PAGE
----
I don’t know if it was original, probably not, and we can all be quick to agree with the sentiment. But how true is it? It might be easy for me to say that such a statement represents a mere lack of imagination on her part, that the nuisance would only refer to that to which we had grown accustomed, not the least the very ordinariness of great amusements, which themselves soon breed an ever-expanding ennui. No, what it is that we must afford is the almost constant introduction of something new and exciting, which does, yes, become easier with increased funding.

But sourced in this way, romance also grows infinitely more elusive, farther out of reach, psychologically, feebly balanced as an experience only reached at great expense. An arbitrary chasm opens between us and happiness, crossed only with artifice, such that our contentment itself becomes a predicate of erstwhile consideration, of currency. Now, there is a relationship between love and currency, but this is very different from conventional romance.

So, amusements displace imagination, let’s say, and though we might think it’s not as simple as that, the increased complexity can become so pervasive that it is difficult to find examples of its lack. This, too, then becomes a rather romantic notion, the pursuit of which we place on some plane beyond finance per se, as we begin to admit some of the things money cannot buy. Not that these are free, mind us, but that their enjoyment occupies a space other than that which can be exchanged for everyday consideration. They become, in essence, off limits from common experience. By definition, any such proximity would then be the very opposite of a nuisance. [oh, and you have emphasize the second syllable to make the phrase operative in ______’s original]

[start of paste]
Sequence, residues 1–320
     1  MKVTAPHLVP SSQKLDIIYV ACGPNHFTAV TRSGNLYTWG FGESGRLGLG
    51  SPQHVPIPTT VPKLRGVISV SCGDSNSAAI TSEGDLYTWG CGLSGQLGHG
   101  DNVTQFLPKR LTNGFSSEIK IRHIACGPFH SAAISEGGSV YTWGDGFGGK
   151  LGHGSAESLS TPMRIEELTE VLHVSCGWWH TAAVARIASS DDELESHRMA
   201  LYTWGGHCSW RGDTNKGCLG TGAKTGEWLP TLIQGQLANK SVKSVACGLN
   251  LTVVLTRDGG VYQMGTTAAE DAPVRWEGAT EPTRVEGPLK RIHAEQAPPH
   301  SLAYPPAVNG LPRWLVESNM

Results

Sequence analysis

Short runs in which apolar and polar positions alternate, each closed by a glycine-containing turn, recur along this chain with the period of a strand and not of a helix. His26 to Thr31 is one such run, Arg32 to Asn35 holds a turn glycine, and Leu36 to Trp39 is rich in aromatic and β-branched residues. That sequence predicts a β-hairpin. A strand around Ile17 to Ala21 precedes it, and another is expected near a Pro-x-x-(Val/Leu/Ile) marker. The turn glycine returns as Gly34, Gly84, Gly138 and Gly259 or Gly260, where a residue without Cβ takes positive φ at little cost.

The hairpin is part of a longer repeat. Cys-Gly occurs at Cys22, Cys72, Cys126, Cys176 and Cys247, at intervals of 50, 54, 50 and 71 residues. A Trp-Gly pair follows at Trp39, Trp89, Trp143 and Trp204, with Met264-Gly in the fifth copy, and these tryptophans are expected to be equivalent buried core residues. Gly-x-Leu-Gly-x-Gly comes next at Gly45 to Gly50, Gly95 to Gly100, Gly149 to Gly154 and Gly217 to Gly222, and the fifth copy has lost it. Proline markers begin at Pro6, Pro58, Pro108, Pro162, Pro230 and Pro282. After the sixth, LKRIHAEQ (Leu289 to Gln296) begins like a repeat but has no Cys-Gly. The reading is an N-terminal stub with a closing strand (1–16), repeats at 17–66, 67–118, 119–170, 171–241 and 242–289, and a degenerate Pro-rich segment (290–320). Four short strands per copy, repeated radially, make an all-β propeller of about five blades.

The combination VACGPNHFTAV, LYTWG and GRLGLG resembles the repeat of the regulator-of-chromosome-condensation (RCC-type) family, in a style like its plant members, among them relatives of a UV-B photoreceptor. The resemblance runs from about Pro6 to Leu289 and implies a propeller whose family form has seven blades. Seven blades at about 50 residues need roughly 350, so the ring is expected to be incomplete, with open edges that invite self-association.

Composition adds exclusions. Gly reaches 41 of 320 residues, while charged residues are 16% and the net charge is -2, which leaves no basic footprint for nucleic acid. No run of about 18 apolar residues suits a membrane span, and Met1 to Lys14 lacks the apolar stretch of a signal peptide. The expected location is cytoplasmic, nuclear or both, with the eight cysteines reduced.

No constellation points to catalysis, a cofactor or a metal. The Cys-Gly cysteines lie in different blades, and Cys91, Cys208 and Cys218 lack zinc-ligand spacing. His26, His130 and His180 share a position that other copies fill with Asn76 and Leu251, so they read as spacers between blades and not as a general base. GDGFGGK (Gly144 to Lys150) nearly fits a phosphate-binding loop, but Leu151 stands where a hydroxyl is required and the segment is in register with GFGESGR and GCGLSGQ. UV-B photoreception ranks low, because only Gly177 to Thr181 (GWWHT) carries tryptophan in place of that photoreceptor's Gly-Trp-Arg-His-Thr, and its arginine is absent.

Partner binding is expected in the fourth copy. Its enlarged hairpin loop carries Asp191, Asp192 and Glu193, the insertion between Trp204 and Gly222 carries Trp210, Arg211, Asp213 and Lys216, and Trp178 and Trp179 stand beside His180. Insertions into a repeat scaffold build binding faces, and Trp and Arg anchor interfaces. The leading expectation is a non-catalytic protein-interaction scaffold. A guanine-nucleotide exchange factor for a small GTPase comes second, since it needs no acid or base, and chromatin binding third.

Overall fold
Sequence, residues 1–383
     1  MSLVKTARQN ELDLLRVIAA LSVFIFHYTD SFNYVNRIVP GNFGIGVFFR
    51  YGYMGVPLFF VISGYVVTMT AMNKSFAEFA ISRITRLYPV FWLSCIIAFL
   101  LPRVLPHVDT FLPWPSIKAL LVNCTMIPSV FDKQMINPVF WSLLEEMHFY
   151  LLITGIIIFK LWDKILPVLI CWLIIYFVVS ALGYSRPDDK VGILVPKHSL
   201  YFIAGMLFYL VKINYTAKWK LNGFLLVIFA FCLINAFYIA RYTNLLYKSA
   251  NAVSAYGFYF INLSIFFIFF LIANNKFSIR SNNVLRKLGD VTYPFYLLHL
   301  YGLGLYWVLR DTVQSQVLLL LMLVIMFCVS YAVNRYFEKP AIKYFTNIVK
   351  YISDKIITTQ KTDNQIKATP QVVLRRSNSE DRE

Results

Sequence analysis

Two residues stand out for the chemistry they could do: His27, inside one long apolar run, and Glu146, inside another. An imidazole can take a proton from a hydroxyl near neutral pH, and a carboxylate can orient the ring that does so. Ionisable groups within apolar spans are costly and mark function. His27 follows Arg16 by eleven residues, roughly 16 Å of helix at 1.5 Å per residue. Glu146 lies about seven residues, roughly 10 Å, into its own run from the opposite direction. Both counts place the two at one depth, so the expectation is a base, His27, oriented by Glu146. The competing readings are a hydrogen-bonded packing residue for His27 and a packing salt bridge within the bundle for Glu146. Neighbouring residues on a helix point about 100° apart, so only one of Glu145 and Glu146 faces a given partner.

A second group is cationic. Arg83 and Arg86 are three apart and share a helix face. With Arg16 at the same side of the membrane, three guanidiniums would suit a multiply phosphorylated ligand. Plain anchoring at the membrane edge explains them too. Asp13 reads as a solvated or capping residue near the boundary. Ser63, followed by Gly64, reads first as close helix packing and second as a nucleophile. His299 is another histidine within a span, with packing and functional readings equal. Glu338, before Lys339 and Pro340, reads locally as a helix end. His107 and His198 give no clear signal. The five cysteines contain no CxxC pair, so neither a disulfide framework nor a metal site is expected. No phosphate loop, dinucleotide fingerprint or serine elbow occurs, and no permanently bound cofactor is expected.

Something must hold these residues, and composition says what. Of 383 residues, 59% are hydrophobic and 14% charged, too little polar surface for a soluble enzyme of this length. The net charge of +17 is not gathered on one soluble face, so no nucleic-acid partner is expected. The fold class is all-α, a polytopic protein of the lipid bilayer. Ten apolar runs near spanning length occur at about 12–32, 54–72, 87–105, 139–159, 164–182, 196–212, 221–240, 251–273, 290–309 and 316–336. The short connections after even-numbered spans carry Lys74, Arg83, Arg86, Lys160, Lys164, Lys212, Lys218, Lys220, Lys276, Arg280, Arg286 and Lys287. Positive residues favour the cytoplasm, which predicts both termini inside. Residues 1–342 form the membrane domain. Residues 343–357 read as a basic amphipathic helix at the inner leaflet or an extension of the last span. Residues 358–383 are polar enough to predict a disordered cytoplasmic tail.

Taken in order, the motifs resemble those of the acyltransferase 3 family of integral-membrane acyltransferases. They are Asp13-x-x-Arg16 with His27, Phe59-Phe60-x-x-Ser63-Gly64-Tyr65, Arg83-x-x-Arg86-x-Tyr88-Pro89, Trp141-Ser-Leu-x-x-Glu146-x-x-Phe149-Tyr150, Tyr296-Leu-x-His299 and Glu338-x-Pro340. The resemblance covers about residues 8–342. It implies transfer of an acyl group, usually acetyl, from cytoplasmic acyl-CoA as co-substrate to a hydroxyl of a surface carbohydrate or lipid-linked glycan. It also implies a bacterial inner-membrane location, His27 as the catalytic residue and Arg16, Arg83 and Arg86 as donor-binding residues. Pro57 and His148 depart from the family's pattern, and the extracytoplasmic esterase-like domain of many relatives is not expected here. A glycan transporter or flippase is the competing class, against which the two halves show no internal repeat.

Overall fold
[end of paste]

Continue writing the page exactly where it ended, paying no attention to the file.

And while that’s not positive ID on romance always, it should be considered of its general direction. So how would we go about re-introducing this sort of space? Should we re-introduce it? Such an effort would be akin to a re-introduction to doing nothing; is that even necessary? Is anything more necessary, in the case of an unbecoming unfamiliarity?. Is there a compelling reason to sit in a park or read a poem to a lover, or both? Does such a space committed to prolonged and deliberate un-economic activity seem an anathema, or a godsend? Of all that is lost to barriers of cost, are the open spaces a nuisance, or is their very lack of charge, or production if you need to think of it that way, the disguised price of entry we search for in a world of nominal fees?

These things add up. Question the lack of green space, formerly known as parks and as places where people did nothing – itself a pejorative of the ill-repute we have allowed to befall the reading of poems and the wooing of girls, as if these were of no import and could be done without. Well, here we are. If the lack of nuisance no amount can afford is the mere absence of place and the fullness of an empty afternoon, all that’s needed is to remember that it is not so very far away, even as it seems.

Langston Hughes, Fire-Caught:

The gold moth did not love him
So, gorgeous, she flew away.
But the gray moth circled the flame
       Until the break of day.
And then, with wings like a dead desire,
She fell, fire-caught, into the flame.